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Law Educator, Esq.
Law Educator, Esq., Lawyer
Category: Real Estate Law
Satisfied Customers: 117369
Experience:  Licensed attorney practicing landlord-tenant, land use and other real estate law and litigation.
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I purchased a Condo in Oct. of 2015 with the idea of leasing

Customer Question

I purchased a Condo in Oct. of 2015 with the idea of leasing it. I was fully remodeled. Near the end of October the roofing company hired by the association cracked open my ceiling. They did a crappy job of patching it and told me there was moisture above the ceiling. They got ceiling spray all over my freshly painted wall claiming that the hose to their sprayer broke. Never cleaned the walls and not it is dried on. They also never came back to finish or remove their masking and drop cloths. The association came to assess the damage on Nov. 5, 2015 and agreed that there was water in the ceiling and that the job was done poorly and not finished. They said they would present this to the board and get back to me in a few days. It has been week and after I have made many phone calls, still nothing is done. I have had many people respond to my ads but when they see that room and the ceiling they feel it is a danger to them and their families. This is costing me money for everyday the place is un rented yet the board do not seem to care and nothing has been done. What are my rights and what can I do as I am running out of money and do not want to lose the condo to foreclosure? The moisture problem not being resolved and their closing up the ceiling has me concerned about mold too. Thank you.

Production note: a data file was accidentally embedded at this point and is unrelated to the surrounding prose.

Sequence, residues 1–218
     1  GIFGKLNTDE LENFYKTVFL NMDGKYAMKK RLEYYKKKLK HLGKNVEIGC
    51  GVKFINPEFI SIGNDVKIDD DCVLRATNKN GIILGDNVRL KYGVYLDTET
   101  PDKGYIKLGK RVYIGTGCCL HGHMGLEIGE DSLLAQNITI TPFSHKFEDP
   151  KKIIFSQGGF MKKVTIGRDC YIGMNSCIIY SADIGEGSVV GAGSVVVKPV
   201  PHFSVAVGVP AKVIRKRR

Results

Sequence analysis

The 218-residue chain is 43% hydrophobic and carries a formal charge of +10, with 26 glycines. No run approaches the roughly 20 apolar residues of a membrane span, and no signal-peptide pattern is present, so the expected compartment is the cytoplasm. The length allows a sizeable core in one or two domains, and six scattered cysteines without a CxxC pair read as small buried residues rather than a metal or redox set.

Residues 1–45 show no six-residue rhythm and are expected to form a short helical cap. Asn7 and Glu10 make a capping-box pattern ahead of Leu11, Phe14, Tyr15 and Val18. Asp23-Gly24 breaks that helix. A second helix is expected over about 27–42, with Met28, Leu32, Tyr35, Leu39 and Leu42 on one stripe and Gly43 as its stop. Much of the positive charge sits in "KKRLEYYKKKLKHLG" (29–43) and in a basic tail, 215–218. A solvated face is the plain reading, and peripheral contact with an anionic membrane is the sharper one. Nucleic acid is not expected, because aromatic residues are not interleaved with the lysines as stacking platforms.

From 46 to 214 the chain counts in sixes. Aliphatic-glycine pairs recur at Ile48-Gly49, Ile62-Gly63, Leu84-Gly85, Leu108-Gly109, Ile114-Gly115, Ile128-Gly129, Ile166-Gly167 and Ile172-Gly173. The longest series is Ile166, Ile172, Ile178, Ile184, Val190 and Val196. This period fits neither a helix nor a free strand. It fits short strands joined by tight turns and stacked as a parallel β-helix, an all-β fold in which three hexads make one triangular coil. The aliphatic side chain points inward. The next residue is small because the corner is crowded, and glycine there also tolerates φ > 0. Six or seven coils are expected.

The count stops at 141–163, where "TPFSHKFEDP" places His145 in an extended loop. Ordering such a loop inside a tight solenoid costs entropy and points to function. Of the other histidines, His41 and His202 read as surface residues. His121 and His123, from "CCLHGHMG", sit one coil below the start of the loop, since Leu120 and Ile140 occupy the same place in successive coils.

Submitted: 1 year ago.
Category: Real Estate Law
Expert:  Law Educator, Esq. replied 1 year ago.

Thank you for your question. I look forward to working with you to provide you the information you are seeking for educational purposes only.

You have the right to first get an independent contractor out there to examine the work done and write a report addressing all of the issues. Once you have that, you make a written demand to the association, their insurance and the contractor for repairs. If they do not make the repairs in a timely manner, typically 12-14 days, then your next step is you can actually sue the Association AND contractor both, as they are jointly and severally liable for the negligent work and for the costs of you having to bring in your own contractor to make all of the repairs.

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